"Closing the Gaps" was the name given to an official New Zealand government policy of assisting socially disadvantaged ethnic groups, particularly Māori and Pacific Islanders, through specially targeted social programmes. The phrase came to prominence as a slogan of the Labour Party in the year 1999 election.
Shortly after the Labour Party came to power in late 1999, the term quietly disappeared from current official documents. Opposition politicians observed that the new government still had a "Closing the Gaps" policy objective, but no longer referred to the policy by that name.
In June, 2000, Winston Peters, leader of the New Zealand First party, described the program as "social apartheid".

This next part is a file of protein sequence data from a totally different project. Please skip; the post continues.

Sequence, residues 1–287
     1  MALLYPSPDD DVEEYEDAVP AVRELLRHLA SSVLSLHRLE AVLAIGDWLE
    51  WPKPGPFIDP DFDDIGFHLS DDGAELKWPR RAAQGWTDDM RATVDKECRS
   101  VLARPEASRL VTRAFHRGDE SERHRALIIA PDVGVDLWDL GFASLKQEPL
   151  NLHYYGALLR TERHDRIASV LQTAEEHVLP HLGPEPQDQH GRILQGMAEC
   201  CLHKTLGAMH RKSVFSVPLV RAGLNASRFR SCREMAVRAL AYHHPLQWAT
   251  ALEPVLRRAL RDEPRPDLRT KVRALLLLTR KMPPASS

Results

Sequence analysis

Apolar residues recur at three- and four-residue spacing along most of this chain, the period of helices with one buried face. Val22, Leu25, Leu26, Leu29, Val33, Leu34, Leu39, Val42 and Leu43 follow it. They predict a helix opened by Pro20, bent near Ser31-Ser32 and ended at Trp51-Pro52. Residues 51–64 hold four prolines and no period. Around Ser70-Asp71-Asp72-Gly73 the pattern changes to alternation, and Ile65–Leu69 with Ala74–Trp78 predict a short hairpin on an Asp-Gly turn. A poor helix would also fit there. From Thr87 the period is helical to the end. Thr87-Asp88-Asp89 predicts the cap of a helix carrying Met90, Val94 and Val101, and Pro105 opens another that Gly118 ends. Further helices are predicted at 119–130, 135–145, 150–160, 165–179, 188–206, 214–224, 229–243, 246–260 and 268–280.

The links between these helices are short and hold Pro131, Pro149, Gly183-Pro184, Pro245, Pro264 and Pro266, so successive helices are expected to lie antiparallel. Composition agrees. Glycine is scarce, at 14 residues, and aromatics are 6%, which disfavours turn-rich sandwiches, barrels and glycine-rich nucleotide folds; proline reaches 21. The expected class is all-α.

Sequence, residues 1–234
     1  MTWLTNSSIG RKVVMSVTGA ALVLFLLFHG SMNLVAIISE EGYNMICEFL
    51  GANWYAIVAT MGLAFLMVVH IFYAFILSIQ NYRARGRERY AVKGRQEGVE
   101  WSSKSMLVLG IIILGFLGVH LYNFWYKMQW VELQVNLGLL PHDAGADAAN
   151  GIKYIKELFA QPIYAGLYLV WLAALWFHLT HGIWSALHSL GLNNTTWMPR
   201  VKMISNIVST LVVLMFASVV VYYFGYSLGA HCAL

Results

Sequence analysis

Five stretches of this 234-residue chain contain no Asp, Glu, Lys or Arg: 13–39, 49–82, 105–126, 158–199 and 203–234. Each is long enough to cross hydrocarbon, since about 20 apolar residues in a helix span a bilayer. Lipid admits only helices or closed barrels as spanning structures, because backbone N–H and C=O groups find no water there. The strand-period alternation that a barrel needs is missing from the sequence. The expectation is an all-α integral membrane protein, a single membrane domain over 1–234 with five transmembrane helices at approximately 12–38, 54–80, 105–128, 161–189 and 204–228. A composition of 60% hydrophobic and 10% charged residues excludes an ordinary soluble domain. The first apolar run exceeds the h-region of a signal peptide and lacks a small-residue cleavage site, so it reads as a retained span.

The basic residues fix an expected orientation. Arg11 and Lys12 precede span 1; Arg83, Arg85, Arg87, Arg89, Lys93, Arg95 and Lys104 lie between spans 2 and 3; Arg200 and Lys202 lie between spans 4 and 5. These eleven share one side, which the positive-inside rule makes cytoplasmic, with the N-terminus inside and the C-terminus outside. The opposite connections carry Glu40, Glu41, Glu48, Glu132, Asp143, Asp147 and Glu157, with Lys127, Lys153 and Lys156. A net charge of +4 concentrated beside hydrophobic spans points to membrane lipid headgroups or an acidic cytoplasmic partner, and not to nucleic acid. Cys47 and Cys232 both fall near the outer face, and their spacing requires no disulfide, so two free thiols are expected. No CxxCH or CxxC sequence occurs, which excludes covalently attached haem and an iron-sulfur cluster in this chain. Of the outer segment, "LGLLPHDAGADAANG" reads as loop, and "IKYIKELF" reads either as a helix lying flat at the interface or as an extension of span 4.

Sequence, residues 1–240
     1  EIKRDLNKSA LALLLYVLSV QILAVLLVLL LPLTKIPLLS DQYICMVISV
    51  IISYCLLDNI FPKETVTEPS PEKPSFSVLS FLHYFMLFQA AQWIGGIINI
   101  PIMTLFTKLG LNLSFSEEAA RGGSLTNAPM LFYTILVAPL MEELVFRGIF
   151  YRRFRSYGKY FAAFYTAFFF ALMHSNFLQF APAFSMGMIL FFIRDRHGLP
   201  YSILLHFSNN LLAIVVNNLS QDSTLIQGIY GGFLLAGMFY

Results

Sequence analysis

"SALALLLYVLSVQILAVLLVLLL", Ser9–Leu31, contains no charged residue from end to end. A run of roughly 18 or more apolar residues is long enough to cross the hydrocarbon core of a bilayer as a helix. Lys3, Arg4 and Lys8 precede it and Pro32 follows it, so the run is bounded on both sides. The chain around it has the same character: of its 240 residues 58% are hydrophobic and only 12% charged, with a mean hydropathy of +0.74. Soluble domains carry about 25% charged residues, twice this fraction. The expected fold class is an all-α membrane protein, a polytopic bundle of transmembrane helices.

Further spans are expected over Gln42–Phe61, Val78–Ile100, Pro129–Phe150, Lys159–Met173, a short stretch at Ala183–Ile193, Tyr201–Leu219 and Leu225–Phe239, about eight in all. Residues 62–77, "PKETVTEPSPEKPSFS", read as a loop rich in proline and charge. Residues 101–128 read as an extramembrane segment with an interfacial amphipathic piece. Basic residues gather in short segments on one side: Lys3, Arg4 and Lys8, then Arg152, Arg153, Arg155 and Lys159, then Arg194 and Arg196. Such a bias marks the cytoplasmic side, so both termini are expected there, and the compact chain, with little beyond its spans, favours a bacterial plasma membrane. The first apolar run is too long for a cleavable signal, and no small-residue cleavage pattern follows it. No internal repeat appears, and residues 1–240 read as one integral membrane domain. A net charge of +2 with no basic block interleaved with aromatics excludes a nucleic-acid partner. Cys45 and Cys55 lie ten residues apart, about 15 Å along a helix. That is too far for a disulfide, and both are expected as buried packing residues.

Over the term of the 1999–2008 Labour government, social statistics for Maori and Pacific islanders did generally improve; however, the statistics for white New Zealanders showed a greater improvement, resulting in the 'gaps' actually increasing. In health, such changes were observed by the Ministry of Health and Otago University's series of 'Decades of Disparities' reports.